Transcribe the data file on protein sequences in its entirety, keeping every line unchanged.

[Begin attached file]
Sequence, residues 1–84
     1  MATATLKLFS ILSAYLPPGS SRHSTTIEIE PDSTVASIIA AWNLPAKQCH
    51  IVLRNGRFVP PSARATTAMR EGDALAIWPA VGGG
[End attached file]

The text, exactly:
Sequence, residues 1–84
     1  MATATLKLFS ILSAYLPPGS SRHSTTIEIE PDSTVASIIA AWNLPAKQCH
    51  IVLRNGRFVP PSARATTAMR EGDALAIWPA VGGG